Andy Warhol, The Scream (After Munch), detail, Screenprint in a unique combination of colours, 1984
Last May's record-breaking Sotheby's sale of Edvard Munch's "The Scream" for £73.9m — the highest price every paid for an artwork at auction — marked the start of a Munch mania, subsequently fuelled by Tate Modern's ambitious retrospective of the Norwegian painter's oeuvre.
All dating from 1984, "The Scream (After Munch)", "Eva Mudocci (After Munch)", and "Madonna and Self-Portrait with Skeleton’s Arm (After Munch)" come from a European private collection and have a combined presale estimate of £500,000 – 750,000.
It is easy to imagine how Warhol could have felt a particular affinity with the tortured Norwegian master. The ghostly way in which the American artist chose to depict himself in "Madonna and Self-Portrait with Skeleton's Arm (After Munch)" pertains to a Munchian anguished psyche, while Warhol's Madonna, shown like in Munch's original during the conception, is bursting with Hollywood glamour.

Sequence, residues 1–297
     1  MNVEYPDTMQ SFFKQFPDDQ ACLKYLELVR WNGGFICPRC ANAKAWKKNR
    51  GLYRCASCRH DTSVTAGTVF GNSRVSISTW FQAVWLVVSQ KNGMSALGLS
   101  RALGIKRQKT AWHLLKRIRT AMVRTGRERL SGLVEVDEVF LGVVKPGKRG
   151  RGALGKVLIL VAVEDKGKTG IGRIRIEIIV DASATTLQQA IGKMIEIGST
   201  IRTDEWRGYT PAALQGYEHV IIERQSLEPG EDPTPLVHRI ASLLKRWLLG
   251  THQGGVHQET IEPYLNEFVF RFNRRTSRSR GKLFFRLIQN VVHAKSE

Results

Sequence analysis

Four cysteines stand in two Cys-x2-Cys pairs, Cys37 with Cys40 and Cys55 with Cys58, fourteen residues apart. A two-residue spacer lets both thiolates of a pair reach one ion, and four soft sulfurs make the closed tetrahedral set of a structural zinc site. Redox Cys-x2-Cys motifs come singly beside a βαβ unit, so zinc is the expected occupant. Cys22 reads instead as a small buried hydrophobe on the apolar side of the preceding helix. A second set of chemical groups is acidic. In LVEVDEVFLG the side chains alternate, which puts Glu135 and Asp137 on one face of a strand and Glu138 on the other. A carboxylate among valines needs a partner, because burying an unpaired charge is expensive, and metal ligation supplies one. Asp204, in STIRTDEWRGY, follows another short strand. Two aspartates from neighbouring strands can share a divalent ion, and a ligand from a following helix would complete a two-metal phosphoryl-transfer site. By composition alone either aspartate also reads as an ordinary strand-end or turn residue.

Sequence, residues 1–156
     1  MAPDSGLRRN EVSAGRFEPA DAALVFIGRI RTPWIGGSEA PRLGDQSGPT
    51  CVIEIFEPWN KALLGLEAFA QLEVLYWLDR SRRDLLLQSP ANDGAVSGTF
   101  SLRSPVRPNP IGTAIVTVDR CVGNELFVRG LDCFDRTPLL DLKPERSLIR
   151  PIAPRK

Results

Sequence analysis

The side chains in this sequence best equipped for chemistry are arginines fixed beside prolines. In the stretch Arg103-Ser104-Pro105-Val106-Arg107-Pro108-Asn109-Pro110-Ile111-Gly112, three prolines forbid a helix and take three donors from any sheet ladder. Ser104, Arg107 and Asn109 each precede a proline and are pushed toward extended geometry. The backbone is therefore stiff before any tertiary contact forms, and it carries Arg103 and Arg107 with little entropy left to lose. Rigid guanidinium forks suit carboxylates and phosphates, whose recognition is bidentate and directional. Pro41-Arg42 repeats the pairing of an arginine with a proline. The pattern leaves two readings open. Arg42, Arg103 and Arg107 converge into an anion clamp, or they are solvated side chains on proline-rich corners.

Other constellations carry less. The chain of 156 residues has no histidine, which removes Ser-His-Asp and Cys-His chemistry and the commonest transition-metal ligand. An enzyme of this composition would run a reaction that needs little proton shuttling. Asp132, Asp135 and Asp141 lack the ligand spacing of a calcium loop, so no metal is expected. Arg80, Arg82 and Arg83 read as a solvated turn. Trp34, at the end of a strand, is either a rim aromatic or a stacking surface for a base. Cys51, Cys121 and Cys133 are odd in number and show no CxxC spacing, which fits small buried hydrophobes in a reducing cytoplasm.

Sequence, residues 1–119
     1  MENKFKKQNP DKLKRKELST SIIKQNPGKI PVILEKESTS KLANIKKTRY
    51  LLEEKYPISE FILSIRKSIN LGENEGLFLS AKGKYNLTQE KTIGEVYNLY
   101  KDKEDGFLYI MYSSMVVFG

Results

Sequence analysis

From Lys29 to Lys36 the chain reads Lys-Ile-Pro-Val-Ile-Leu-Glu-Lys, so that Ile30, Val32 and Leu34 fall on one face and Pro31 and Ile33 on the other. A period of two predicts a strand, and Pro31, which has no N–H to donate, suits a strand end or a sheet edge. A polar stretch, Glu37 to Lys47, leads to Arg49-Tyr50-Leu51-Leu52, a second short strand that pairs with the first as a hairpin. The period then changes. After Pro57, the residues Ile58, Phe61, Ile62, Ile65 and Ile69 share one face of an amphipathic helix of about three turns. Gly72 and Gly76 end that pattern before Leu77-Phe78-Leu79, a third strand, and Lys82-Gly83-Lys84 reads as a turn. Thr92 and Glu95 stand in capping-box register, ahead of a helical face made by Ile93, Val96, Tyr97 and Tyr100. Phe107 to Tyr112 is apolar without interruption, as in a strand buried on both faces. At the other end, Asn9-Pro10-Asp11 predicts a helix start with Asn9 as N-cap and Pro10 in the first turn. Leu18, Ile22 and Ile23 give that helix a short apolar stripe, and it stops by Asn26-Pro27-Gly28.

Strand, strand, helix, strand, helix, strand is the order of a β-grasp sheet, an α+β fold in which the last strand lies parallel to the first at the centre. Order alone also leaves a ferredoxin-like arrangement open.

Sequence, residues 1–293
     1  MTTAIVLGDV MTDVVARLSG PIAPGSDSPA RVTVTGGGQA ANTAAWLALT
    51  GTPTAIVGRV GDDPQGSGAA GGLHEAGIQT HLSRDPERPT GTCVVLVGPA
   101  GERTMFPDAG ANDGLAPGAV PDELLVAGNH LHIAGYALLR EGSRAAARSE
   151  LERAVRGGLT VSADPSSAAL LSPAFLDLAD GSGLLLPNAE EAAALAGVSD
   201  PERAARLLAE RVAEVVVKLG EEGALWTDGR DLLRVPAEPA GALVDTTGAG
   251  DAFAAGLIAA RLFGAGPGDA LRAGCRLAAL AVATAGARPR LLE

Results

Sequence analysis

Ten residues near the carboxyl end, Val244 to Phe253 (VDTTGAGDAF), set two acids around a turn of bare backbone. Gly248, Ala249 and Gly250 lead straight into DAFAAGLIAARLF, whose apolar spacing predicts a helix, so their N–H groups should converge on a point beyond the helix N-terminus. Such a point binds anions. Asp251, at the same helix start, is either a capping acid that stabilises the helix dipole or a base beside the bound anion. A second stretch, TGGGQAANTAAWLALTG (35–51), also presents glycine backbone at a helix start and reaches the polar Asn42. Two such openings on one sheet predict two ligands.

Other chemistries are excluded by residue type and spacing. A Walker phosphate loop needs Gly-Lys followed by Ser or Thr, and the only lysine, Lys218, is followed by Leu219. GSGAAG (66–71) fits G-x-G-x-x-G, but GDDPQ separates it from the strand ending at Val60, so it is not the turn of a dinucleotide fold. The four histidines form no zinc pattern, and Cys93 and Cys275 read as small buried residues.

With "The Scream," Warhol was also tackling what had already become a Campbell's Soup-like global brand, an image so recognizable that — like the Mona Lisa he famously reproduced — it could signify "art" at once glance.
The Sotheby's sale, which comprises about 200 pieces from the last five centuries, also includes a Munch woodcut of "The Girls on the Bridge," currently on show at Tate Modern (presale estimate: £180,000 – 200,000).